Kate Nash – ‘Yesterday Was Forever’ review

She still exists u twat

“I still exist u twat,” Kate Nash wrote in a scathing but moving response to a Buzzfeed article last year, claiming that her only place was in “the memory of millennials”. Right on. Not only did she survive the indie landfill, Nash thrived outside of it.

She was a wunderkind from the Brit School before becoming a MySpace phenomenon, and the polka-dot indie-pop of her No.1 debut ‘Made Of Bricks’ made Nash a people’s champion in 2007. Follow-up ‘My Best Friend Is You’ threw a little more grit in the mix before she landed on the bold rrriot girl departure of 2013’s ‘Girl Talk’ – released independently after her label dropped her via text message. Feeling used and abandoned by what she called a “sleazy industry”, it left a taste that was a more than a little “bitt-ah”.

Since ‘Girl Talk’ she’s scored a number of acting roles; most notably by being fucking ace as Rhonda “Britannica” Richardson in Netflix wrestling comedy GLOW. But music is her life after all – albeit now with none of the money-loving dickheads in between. After raising $70,000 through crowdfunding, ‘Yesterday Was Forever’ is now upon us.

With that ‘straight-to-fan’ mentality and the fact that she approached writing as if it were a “teenage diary”, the album is confessional, sprawling, and a little indulgent. The pop-grunge bounce of ‘Life In Pink’ and the barbed anthemics of ‘Call Me’ offer a promising start, leaving you teetering on the hope that she may head down the route that led to her follow-up generation of Dream Wife and Sunflower Bean. Alas, then ‘Take Away’ limps in like a rejected French & Saunders send-up of Britpop, as Nash mourns for the days of spooning to Buffy The Vampire Slayer as she sledgehammers home toe-curlingly gauche lyrics about ordering a Chinese with some Pepsi.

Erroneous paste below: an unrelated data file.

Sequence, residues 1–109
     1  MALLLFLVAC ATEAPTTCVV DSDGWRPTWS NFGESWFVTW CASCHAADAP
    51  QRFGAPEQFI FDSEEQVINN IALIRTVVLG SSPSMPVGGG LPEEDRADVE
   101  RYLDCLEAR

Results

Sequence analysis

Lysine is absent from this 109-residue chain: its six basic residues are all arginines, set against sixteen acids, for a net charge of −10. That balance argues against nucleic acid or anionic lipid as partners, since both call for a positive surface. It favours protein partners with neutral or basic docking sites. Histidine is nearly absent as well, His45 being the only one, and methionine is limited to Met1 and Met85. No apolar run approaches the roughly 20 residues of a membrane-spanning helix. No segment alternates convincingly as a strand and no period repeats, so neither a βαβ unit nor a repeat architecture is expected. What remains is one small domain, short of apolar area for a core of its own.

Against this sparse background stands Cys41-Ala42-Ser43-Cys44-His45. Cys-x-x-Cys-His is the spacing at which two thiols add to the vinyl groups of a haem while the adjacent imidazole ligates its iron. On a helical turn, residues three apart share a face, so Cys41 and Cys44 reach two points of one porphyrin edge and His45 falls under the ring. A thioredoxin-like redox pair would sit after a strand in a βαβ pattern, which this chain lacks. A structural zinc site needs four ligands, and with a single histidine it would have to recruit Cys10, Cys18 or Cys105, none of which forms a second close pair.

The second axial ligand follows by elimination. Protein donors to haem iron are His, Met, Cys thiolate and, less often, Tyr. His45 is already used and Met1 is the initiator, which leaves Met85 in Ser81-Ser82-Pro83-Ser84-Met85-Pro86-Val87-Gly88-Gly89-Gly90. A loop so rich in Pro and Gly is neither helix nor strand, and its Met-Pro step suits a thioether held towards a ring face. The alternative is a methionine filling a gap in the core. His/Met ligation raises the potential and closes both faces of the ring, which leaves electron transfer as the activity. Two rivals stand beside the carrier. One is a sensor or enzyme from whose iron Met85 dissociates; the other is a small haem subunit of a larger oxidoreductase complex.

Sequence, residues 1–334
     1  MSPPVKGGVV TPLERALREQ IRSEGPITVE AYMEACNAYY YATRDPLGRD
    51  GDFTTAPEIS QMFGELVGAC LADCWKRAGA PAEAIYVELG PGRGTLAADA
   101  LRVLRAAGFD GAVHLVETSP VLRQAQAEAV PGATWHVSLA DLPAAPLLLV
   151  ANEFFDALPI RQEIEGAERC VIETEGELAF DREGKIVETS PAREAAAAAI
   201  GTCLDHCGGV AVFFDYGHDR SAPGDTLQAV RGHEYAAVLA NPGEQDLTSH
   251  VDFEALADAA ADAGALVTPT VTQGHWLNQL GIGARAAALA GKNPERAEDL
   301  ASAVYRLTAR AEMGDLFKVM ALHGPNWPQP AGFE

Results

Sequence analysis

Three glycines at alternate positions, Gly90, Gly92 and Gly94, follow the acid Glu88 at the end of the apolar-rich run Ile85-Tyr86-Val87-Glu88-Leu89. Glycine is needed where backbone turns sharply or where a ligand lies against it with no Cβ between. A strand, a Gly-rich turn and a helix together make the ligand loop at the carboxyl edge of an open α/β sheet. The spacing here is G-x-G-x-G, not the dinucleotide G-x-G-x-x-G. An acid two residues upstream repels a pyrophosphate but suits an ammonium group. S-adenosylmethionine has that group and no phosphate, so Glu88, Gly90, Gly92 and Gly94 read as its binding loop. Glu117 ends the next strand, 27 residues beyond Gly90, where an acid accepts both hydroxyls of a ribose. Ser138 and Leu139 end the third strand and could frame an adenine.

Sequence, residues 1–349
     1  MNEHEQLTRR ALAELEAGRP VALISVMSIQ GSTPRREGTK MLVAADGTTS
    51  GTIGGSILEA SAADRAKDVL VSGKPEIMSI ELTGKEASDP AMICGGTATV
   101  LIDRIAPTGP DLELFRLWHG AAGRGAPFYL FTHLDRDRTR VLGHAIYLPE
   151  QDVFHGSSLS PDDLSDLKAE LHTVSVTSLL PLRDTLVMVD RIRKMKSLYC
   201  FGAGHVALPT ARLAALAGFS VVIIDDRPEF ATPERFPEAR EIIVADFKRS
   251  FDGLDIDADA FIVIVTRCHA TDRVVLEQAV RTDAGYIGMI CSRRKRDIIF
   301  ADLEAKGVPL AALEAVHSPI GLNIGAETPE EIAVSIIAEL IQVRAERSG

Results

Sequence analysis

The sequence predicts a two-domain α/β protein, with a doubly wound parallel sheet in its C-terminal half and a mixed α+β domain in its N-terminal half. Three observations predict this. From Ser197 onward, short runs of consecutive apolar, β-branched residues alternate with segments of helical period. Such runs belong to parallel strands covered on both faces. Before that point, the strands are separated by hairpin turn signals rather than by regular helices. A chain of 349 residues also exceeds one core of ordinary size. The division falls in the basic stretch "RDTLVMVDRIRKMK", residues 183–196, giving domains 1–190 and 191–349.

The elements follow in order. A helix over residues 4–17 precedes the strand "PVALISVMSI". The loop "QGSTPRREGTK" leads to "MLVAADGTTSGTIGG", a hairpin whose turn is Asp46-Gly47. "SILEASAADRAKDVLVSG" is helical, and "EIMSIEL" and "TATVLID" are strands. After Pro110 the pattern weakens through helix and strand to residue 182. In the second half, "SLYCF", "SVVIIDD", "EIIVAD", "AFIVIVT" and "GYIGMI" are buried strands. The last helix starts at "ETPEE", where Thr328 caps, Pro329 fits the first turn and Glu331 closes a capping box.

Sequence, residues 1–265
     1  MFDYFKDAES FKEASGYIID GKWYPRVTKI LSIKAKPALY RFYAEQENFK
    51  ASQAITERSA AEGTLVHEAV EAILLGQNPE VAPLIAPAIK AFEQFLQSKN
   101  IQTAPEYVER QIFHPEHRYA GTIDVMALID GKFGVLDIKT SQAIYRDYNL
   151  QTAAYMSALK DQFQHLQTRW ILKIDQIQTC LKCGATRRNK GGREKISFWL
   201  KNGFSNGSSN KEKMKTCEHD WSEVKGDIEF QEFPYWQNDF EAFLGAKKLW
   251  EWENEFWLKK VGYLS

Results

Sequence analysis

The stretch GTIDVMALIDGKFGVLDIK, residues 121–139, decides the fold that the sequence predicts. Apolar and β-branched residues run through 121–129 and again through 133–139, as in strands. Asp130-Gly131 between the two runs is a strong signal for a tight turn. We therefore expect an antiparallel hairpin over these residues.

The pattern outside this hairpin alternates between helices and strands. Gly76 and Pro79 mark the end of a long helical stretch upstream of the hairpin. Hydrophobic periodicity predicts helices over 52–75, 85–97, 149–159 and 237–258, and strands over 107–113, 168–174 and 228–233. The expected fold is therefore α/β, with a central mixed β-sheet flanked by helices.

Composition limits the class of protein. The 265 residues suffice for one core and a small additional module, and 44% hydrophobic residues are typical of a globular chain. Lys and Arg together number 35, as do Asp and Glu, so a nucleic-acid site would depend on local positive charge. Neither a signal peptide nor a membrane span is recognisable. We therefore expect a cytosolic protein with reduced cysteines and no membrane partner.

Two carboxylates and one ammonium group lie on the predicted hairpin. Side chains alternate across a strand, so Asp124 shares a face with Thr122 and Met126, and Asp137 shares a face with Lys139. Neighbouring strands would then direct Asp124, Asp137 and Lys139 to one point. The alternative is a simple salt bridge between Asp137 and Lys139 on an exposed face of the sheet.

The firecracker pop of ‘Drink About You’ can’t be ignored as a career-peak, while the shimmering but sultry electro of ‘Body Heat’ sees Nash successfully conquer new ground, and The Pet Shop Boys disco-noir swagger of ‘Karaoke Kiss’ is good harmless fun. However, much of the rest smacks of petrol station bargain bin (see: the jarring squawked chorus of ‘California Poppies’ and aimless waltz of ‘My Little Alien’).

‘Always Shining’ finds a space between Lily Allen and Courtney Love and fills it with bewildering crap, and ‘Twisted Up’ offers the biggest clanger on the album with: “I don’t wanna read an email by a ghost, I wanna be touched by you the most”. The moments of saving grace in songs about anxiety, body-image and independence are somewhat lost in a 14-track endurance test of stylistic mess and spoon-fed lyricism.

‘Yesterday Was Forever’ was a record paid for by fans, and made for the fans. It may not find much love outside of them, but fuck it. She doesn’t need anyone else now. Yes, she still exists – but not for you, you twat.

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